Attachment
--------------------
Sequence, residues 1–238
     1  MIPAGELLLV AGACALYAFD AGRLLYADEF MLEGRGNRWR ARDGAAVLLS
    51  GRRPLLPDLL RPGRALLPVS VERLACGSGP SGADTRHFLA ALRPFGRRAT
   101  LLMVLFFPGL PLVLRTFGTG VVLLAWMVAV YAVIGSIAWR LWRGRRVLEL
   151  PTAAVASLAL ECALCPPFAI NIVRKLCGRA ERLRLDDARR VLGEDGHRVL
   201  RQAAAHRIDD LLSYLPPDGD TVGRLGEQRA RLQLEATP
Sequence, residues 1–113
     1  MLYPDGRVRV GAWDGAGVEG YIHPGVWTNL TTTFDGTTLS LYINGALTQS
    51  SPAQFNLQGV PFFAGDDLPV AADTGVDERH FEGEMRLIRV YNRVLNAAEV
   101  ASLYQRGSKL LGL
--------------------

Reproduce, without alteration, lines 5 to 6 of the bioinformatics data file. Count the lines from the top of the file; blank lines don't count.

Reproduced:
   151  PTAAVASLAL ECALCPPFAI NIVRKLCGRA ERLRLDDARR VLGEDGHRVL
   201  RQAAAHRIDD LLSYLPPDGD TVGRLGEQRA RLQLEATP